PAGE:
The self-styled a commander-in-chief of the rebel forces in Ireland is James Connolly, the notorious Syndicalist leader, who was the principal lieutenant of the equally notorious Jim Larkin. The latter is understood to be in the United States at present. Ever since Larkin descended on Dublin in 1908 to foment a dock strike, Connolly has been his right-hand man. He helped to make the Irish Transport Workers’ Union a closely knit and formidable organisation, and was largely responsible for the Syndicalist, revolutionary, and anarchical form which the movement assumed.

Notorious? Syndicalist? Revolutionary? Anarchist? Strong words there from a ‘liberal’ newspaper. The South Wales Weekly Post, part of the same tradition, seized upon a telegram sent by the Victoria committee of the United Irishmen League deploring ‘the meaningless rebellion in Dublin’. The Conservative press, led by the Western Mail, were no less virulent in their attacks on the Rising, either.

There was a new voice in Wales, however, and lest the history be written solely from the point of view of self-righteous horror and the ‘damn the fools’ attitudes of those who saw the Easter Rising (and, indeed Irish independence) as a traitorous mistake, it’s worth turning our attention to it. Here’s Llais Llafur – Labour Voice – writing from their offices in Ystalyfera near Swansea on 29 April 1916:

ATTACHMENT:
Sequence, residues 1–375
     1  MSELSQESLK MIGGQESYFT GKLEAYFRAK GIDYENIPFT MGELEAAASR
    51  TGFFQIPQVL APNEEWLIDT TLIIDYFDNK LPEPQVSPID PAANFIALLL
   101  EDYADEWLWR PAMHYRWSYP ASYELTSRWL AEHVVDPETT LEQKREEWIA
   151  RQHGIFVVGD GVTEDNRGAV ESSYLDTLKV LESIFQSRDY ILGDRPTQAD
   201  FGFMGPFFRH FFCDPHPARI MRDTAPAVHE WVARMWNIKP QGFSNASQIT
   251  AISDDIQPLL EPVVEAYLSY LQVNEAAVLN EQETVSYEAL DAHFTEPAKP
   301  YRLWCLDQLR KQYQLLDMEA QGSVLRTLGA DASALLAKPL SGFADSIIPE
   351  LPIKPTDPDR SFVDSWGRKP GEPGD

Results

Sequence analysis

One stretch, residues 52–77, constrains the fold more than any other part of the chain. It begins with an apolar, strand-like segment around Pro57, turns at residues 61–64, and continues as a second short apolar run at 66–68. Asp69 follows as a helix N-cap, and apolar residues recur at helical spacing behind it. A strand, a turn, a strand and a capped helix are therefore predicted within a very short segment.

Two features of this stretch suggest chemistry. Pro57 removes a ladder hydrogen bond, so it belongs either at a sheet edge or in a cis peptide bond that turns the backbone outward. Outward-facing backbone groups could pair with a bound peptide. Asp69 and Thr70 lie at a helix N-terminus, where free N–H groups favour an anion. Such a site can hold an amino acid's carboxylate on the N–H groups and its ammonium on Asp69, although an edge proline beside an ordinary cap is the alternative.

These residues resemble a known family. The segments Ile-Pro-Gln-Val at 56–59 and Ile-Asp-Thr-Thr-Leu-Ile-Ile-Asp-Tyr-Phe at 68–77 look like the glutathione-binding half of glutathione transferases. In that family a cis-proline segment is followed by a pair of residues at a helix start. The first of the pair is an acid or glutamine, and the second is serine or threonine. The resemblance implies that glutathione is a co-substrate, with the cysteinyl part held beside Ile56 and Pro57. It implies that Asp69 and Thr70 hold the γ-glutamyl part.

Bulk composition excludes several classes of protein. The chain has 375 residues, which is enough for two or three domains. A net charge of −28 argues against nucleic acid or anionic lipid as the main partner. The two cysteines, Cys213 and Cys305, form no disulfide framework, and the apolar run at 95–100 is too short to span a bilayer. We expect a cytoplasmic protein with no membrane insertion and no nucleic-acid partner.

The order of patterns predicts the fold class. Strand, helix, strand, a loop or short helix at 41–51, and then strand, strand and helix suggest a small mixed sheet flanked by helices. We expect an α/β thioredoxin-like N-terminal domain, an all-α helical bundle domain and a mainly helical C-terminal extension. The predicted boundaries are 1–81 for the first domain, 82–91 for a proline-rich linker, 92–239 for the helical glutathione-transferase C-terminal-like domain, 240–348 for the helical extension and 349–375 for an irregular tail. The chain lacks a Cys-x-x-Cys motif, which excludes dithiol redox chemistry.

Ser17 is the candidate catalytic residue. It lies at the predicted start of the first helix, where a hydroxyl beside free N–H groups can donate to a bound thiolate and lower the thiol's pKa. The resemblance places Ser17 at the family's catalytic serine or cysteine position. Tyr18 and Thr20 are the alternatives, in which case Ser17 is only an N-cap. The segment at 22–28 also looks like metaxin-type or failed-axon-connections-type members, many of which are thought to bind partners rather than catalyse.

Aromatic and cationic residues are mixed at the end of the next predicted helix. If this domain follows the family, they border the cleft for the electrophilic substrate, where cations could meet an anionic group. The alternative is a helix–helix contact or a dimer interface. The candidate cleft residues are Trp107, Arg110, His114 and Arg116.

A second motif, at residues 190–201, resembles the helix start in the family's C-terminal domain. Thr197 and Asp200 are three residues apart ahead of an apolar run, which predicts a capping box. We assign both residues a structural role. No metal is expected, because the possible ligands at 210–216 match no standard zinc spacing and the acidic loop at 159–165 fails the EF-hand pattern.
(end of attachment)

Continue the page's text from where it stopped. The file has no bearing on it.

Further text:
The real criminal behind the disagreeable incidents in Dublin is not Casement, but Carson. It was he who set the fashion in raising armed forces, and bringing “rebellion” into the arena of immediate possibilities. The arming of the Ulster volunteers set the Irish volunteers marching and drilling, and they in their turn were allowed by Larkin’s volunteers and the Sinn Feiners. […] It is absurd of the “Times,” and the “Daily Mail” to shriek about the treason of Casement when they were actively abetting and encouraging his prototype, Carson, a couple of years ago. Doubtless with their denunciation of the Government for its laxity, there is a secret thrill of pleasurable anticipation that the Dublin riot will discredit the cause of Home Rule. We venture to think that it is the dabblers in revolution in Ulster whom the country will ultimately hold responsible.

A few weeks later, as the executions of the leaders were underway, the paper offered this analysis of the situation:

Whatever feelings of grief and horror the Irish rebellion has evoked should not prevent an examination of the causes that led to the outbreak. The rebel forces were a combination of Sinn Fein and revolutionary Labour. […]

Linked with the peasants led by these unwholesome neuropaths were the organised Labour forces of Dublin, of whom Larkin was the titular leader, but James Connolly, the real leader. A self-educated man, with a very modest gift of oratory, but a distinct genius for organising, he spent some years in the United States, where he imbibed the anti-Parliamentarian idea and the policy of physical force which are the main features of the propaganda of the Industrial Workers of the world. The strike in Dublin having failed, when run on orthodox lines, and baked by the whole strength and influence of the trade unionists of Great Britain, Connolly found a fertile seed plot for his ideas in the discontented and downtrodden workers of Dublin. […]